|• Total||220 km2 (80 sq mi)|
|• Total||51 569|
|Time zone||UTC+5 (UZT)|
So‘x District (also spelled as Sokh, Uzbek: So‘x tumani) is a tuman (district) of the Fergana Region. It is an exclave of Uzbekistan, surrounded by Kyrgyzstan. Its capital is Ravon. Another village in the district is Limbur. It is noted that despite being a part of Uzbekistani territory and being surrounded by Kyrgyzstan, its population is nearly 99% Tajik.
The territory of Sokh is divided into two parts, separated by Kyrgyzstan:
- Northern Sokh (or Lower Sokh), including the town of Chon-Qora.
- Southern Sokh (or Upper Sokh), which is much more extensive than its northern counterpart. The area encompasses nineteen localities with an urban population of 65.9 percent and a rural population of 34.1 percent. It is 99 percent Tajik, 0.7 percent Kyrgyz and 0.3 percent Uzbek.
The exclave's name comes from the Sokh River, 124 km long, which crosses the territory and waters its fertile valley. The exclave is surrounded by the Kyrgyz province of Batken. Sokh's border is 135 km long, with nine border posts guarded by Kyrgyzstan.
42,800 in 1993 (with some estimates as high as 70,000.)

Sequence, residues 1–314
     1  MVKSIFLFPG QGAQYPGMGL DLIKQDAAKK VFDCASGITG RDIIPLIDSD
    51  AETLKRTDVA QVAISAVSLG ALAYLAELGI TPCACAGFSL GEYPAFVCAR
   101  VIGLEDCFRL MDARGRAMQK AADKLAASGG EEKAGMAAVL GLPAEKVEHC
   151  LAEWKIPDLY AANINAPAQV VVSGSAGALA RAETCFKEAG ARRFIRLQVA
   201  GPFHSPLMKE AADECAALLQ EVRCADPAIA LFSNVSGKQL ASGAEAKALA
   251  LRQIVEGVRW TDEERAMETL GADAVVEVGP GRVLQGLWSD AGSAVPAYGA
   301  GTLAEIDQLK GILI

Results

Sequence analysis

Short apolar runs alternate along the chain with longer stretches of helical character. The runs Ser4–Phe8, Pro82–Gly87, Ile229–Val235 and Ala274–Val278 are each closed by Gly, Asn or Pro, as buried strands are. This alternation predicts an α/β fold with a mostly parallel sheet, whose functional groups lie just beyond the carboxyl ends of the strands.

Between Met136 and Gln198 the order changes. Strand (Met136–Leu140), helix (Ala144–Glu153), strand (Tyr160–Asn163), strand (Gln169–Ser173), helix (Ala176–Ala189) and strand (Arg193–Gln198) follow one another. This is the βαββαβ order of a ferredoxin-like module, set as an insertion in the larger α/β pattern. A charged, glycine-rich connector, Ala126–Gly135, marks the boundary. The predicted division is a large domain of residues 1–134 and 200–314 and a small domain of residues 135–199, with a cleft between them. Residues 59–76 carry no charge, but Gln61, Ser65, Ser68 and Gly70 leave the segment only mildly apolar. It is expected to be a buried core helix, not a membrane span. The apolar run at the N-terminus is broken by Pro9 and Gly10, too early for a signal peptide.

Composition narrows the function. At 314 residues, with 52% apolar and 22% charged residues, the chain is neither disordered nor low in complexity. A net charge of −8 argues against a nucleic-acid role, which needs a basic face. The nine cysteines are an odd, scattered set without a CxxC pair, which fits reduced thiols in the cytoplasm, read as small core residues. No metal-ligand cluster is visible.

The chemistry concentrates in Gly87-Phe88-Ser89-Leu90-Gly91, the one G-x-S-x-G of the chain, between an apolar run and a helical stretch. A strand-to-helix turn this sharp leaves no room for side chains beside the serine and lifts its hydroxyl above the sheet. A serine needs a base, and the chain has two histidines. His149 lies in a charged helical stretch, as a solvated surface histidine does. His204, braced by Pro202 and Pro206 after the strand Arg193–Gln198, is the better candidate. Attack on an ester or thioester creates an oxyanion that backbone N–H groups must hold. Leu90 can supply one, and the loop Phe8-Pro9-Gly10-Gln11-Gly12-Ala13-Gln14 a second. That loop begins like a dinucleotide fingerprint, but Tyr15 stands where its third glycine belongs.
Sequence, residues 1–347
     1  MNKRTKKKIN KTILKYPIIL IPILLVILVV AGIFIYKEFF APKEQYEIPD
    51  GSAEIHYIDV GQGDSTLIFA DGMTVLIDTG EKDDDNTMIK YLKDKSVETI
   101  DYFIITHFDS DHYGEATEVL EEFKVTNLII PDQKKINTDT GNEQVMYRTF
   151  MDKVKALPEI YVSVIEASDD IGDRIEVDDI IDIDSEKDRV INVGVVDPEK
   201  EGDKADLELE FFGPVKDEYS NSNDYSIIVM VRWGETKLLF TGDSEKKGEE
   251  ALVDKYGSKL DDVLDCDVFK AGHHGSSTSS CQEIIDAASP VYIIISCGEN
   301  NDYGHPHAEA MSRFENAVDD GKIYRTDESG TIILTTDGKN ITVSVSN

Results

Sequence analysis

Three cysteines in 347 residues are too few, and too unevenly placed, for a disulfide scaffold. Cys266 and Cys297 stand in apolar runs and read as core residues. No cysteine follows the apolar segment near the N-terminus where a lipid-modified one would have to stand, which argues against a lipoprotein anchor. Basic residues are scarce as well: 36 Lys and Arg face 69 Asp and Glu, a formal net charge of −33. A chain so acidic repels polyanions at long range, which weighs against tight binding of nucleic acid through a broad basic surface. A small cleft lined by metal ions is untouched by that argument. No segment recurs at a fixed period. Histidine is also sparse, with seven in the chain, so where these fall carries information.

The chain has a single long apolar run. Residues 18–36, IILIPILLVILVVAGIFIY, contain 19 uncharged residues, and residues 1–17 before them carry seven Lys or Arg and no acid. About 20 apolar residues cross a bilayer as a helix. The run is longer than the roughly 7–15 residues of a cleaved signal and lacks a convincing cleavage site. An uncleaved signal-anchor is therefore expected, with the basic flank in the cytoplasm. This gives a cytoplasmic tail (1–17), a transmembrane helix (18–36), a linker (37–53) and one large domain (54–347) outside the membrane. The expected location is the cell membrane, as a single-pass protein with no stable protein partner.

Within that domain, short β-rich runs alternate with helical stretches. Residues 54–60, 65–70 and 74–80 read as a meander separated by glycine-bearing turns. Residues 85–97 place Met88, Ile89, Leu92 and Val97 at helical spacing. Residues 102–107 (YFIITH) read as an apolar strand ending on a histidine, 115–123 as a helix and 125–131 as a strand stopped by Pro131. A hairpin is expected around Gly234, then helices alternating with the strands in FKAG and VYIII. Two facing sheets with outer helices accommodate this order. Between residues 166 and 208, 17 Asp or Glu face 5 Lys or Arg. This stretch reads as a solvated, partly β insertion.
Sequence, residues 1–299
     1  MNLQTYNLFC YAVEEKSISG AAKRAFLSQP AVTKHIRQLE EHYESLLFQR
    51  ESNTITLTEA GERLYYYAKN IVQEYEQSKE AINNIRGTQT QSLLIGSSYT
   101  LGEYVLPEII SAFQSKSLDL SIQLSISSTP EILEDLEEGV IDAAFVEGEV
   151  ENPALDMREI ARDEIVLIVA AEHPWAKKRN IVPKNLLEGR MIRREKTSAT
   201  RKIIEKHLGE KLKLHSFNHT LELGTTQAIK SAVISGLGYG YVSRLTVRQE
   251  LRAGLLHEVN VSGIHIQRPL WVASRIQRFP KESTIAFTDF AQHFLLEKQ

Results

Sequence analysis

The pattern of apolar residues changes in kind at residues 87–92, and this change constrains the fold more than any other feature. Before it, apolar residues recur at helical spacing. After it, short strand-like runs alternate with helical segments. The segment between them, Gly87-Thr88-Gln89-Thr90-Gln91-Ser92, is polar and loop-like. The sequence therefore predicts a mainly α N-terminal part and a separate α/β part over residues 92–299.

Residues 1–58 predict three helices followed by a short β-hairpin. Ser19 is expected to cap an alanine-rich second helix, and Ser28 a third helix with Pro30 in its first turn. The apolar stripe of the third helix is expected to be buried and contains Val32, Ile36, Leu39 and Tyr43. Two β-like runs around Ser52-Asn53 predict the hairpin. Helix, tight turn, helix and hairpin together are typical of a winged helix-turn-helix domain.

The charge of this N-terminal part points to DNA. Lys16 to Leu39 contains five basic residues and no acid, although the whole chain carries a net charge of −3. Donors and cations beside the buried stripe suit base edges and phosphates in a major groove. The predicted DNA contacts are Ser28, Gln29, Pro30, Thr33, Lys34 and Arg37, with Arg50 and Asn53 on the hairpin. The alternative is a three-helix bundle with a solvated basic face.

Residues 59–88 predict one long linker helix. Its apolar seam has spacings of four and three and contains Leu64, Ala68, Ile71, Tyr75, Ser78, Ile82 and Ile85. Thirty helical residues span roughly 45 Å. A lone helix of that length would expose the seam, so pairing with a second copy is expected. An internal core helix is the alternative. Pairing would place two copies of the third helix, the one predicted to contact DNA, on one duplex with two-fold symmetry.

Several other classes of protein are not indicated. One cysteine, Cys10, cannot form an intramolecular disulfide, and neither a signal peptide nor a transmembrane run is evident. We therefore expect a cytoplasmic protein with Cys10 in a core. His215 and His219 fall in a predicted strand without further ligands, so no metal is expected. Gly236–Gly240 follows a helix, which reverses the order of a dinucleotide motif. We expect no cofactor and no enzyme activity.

Together with Kokand, Sokh was one of the centres of the Basmach uprising from 1918 to 1924. At that time Sokh was still directly connected with Uzbekistan. In 1955 Moscow annexed most of the northern section to the then Soviet republic of Kyrgyzstan. Since then, Sokh has been an exclave within Kyrgyzstan. The Uzbek authorities have made calls for direct land access to the exclave in order to better control it. Passenger and goods traffic has been severely restricted since the reintroduction of visa requirements between the central asian countries. For Kyrgyzstan, the territory required to be given up to allow Uzbekistan a land connection to Sokh would be a bitter loss. It would mean that both good road connections into south-west Kyrgyzstan would go through Uzbek territory, effectively separating the area from the rest of the country.
Sokh is considered today as a possible base of the Islamic Movement of Uzbekistan. In the course of the ongoing Kyrgyz-Uzbek border disputes, the Uzbek side has mined land around Sokh. According to Kyrgyz claims, they have also mined Kyrgyz territory.
The economy of Sokh is mainly based on agriculture (potatoes and fruits). The fields are supplied by the river Sokh so that agriculture is only possible in the valley plain. The Sokh valley forms a river oasis in the surrounding, barren grassland. The seasonal migration of the male labour force to Russia is also important. The exclave contains twenty-eight schools, two colleges, three clinics, twelve dispensaries and ten village health centres.
|This Uzbekistan location article is a stub. You can help Wikipedia by expanding it.|